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Lazy components must use React.lazy #13885

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@acdlite
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@acdlite acdlite commented Oct 19, 2018

Note: This proposal has been discussed in reactjs/rfcs#64.

Removes support in master for using arbitrary promises as the type of a React element. Instead, promises must be wrapped in React.lazy. This gives us flexibility later if we need to change the protocol.

The reason is that promises do not provide a way to call their constructor multiple times. For example:

const promiseForA = new Promise(resolve => {
  fetchA(a => resolve(a));
});

Given a reference to promiseForA, there's no way to call fetchA again. Calling then on the promise doesn't run the constructor again; it only attaches another listener.

In the future we will likely introduce an API like React.eager that is similar to lazy but eagerly calls the constructor. That gives us the ability to call the constructor multiple times. E.g. to increase the priority, or to retry if the first operation failed.

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@sizebot sizebot commented Oct 19, 2018

Details of bundled changes.

Comparing: 0648ca6...173ed32

scheduler

File Filesize Diff Gzip Diff Prev Size Current Size Prev Gzip Current Gzip ENV
scheduler.development.js n/a n/a 0 B 19.17 KB 0 B 5.74 KB UMD_DEV
scheduler.production.min.js n/a n/a 0 B 3.16 KB 0 B 1.53 KB UMD_PROD

Generated by 🚫 dangerJS

@acdlite acdlite force-pushed the acdlite:lazy-components-must-use-react-lazy branch from 83f226a to 738f23f Oct 19, 2018
@acdlite acdlite force-pushed the acdlite:lazy-components-must-use-react-lazy branch from 738f23f to 270fb63 Oct 19, 2018
Removes support for using arbitrary promises as the type of a React
element. Instead, promises must be wrapped in React.lazy. This gives us
flexibility later if we need to change the protocol.

The reason is that promises do not provide a way to call their
constructor multiple times. For example:

const promiseForA = new Promise(resolve => {
  fetchA(a => resolve(a));
});

Given a reference to `promiseForA`, there's no way to call `fetchA`
again. Calling `then` on the promise doesn't run the constructor again;
it only attaches another listener.

In the future we will likely introduce an API like `React.eager` that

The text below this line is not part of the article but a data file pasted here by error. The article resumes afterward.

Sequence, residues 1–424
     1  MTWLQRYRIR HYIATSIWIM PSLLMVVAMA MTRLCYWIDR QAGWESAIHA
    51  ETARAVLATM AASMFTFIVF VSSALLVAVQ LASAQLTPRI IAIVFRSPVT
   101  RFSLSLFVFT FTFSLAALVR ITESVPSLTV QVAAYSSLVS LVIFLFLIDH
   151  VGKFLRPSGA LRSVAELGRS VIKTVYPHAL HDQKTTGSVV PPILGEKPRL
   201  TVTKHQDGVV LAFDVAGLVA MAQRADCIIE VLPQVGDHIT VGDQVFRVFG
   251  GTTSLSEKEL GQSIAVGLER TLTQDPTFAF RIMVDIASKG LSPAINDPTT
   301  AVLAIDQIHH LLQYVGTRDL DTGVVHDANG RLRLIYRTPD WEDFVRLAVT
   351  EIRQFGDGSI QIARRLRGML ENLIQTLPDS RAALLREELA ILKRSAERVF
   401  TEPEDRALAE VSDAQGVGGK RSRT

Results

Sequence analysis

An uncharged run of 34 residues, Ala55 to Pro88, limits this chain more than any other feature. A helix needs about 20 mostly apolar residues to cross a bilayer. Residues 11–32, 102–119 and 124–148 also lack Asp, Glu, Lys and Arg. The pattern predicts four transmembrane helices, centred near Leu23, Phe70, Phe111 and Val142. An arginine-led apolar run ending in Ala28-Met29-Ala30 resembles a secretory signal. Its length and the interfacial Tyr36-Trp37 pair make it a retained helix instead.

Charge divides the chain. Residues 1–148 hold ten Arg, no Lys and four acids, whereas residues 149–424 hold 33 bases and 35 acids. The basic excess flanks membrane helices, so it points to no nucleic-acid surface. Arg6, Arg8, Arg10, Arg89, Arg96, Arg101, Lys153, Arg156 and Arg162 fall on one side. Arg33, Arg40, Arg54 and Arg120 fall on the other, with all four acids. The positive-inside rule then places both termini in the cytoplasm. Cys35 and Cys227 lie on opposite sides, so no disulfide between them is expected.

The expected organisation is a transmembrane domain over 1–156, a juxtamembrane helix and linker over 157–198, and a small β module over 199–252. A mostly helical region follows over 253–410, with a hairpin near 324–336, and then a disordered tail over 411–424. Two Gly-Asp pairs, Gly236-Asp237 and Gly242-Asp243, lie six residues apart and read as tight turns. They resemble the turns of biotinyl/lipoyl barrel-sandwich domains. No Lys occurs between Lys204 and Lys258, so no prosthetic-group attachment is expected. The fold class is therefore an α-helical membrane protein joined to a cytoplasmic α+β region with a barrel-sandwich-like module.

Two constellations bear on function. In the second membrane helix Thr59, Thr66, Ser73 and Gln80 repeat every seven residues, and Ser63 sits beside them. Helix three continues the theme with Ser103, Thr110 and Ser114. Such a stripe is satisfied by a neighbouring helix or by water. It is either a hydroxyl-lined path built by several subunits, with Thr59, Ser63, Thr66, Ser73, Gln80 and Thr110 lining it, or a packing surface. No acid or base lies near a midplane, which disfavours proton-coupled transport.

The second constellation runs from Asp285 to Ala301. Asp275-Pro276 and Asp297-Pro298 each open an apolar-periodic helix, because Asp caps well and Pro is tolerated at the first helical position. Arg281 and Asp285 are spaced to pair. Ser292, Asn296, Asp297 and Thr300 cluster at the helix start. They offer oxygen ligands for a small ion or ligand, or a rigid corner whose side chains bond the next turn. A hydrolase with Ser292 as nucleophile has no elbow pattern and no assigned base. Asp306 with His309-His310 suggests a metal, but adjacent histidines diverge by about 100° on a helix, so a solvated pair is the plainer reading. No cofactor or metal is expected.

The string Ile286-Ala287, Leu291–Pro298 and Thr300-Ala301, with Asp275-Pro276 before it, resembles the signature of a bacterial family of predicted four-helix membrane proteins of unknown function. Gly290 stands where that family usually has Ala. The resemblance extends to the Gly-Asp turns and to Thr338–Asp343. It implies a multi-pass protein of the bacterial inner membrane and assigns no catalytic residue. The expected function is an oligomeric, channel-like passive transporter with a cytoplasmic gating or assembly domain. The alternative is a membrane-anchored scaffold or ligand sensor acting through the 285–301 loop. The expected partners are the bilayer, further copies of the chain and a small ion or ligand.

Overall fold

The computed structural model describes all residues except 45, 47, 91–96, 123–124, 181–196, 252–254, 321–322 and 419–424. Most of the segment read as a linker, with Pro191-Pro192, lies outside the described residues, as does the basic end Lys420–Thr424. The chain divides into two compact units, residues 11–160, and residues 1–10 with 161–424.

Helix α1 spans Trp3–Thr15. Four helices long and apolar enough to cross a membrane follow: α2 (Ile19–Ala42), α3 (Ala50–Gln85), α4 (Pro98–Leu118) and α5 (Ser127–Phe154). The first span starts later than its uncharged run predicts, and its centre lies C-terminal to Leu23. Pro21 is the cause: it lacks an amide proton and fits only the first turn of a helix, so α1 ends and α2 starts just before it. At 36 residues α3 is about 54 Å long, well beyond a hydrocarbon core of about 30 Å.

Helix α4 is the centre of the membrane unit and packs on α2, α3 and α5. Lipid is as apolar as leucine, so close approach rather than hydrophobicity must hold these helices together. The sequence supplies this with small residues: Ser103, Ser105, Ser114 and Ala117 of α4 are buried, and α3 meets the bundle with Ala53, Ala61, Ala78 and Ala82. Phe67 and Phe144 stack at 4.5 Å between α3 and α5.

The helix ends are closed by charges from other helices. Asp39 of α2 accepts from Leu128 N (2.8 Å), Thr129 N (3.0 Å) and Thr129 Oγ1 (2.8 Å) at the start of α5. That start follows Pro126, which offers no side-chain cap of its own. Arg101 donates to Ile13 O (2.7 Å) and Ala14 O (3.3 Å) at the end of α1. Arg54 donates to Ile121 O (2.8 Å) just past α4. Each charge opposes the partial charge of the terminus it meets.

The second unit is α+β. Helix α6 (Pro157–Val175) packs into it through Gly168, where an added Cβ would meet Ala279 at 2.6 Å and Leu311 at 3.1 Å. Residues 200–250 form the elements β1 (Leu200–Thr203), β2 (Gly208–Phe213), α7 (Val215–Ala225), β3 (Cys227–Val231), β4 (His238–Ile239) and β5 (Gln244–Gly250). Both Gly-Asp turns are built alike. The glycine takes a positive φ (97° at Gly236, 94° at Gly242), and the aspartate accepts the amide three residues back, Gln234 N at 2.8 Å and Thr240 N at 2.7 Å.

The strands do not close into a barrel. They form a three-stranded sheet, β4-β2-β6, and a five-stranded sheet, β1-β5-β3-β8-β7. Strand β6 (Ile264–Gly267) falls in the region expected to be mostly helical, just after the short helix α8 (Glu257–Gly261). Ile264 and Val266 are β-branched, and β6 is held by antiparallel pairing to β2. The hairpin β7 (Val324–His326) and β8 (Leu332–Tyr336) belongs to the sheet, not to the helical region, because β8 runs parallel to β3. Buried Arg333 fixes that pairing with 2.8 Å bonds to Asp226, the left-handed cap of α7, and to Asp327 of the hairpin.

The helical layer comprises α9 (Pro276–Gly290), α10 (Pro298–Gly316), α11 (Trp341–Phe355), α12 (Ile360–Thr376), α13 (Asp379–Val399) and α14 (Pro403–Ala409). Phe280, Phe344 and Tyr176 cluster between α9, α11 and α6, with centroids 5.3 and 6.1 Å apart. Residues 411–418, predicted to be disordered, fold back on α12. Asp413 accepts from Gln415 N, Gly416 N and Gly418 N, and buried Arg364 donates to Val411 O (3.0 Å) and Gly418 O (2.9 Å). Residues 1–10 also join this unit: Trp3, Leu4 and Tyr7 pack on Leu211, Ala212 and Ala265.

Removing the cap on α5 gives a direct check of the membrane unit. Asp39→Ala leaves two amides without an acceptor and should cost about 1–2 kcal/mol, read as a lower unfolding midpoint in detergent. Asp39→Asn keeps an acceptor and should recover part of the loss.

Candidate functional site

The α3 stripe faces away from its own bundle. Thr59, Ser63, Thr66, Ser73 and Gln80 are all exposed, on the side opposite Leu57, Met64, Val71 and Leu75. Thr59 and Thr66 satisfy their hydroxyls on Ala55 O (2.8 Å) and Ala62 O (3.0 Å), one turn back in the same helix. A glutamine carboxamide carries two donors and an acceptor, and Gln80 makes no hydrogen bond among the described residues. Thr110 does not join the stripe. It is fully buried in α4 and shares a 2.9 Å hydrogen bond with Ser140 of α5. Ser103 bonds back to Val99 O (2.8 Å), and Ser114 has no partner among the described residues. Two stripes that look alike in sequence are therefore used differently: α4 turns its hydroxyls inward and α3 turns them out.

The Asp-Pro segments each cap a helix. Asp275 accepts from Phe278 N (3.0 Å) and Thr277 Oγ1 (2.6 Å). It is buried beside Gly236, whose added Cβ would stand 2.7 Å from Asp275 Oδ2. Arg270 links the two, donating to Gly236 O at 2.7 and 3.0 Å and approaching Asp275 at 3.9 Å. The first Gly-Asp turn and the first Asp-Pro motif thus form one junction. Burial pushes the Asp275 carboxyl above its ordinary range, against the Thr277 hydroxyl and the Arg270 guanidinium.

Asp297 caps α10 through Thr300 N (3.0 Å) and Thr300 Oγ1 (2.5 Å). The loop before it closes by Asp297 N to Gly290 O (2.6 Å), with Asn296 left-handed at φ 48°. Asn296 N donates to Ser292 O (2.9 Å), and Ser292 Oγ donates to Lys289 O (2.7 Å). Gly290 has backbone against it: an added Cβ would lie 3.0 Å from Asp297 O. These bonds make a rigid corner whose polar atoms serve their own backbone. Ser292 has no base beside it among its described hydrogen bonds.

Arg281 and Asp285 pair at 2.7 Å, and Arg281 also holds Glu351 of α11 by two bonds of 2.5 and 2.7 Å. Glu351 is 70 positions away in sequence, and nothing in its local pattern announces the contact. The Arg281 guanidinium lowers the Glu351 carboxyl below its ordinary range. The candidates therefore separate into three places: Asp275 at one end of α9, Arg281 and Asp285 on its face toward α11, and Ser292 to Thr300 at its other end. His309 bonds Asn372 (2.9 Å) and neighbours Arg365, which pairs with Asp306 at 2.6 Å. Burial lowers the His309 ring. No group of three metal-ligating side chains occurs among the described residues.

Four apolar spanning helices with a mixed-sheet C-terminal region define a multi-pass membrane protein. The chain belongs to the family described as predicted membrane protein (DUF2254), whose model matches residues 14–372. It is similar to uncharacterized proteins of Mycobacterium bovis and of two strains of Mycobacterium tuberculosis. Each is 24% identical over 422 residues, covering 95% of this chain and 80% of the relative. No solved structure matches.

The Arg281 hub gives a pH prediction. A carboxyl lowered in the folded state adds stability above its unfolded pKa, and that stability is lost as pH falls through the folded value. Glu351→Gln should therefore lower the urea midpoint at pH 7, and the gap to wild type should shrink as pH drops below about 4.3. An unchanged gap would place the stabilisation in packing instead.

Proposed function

is similar to `lazy` but eagerly calls the constructor. That gives us
the ability to call the constructor multiple times. E.g. to increase
the priority, or to retry if the first operation failed.
@acdlite acdlite force-pushed the acdlite:lazy-components-must-use-react-lazy branch from 270fb63 to 22cdad1 Oct 19, 2018
@acdlite acdlite force-pushed the acdlite:lazy-components-must-use-react-lazy branch 2 times, most recently from 6298bb4 to 173ed32 Oct 19, 2018
@acdlite acdlite merged commit d9659e4 into facebook:master Oct 19, 2018
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linjiajian999 pushed a commit to linjiajian999/react that referenced this pull request Oct 22, 2018
Removes support for using arbitrary promises as the type of a React
element. Instead, promises must be wrapped in React.lazy. This gives us
flexibility later if we need to change the protocol.

The reason is that promises do not provide a way to call their
constructor multiple times. For example:

const promiseForA = new Promise(resolve => {
  fetchA(a => resolve(a));
});

Given a reference to `promiseForA`, there's no way to call `fetchA`
again. Calling `then` on the promise doesn't run the constructor again;
it only attaches another listener.

In the future we will likely introduce an API like `React.eager` that
is similar to `lazy` but eagerly calls the constructor. That gives us
the ability to call the constructor multiple times. E.g. to increase
the priority, or to retry if the first operation failed.
@gaearon gaearon mentioned this pull request Oct 23, 2018
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@wheelo wheelo commented Oct 25, 2018

Awesome

jetoneza added a commit to jetoneza/react that referenced this pull request Jan 23, 2019
Removes support for using arbitrary promises as the type of a React
element. Instead, promises must be wrapped in React.lazy. This gives us
flexibility later if we need to change the protocol.

The reason is that promises do not provide a way to call their
constructor multiple times. For example:

const promiseForA = new Promise(resolve => {
  fetchA(a => resolve(a));
});

Given a reference to `promiseForA`, there's no way to call `fetchA`
again. Calling `then` on the promise doesn't run the constructor again;
it only attaches another listener.

In the future we will likely introduce an API like `React.eager` that
is similar to `lazy` but eagerly calls the constructor. That gives us
the ability to call the constructor multiple times. E.g. to increase
the priority, or to retry if the first operation failed.
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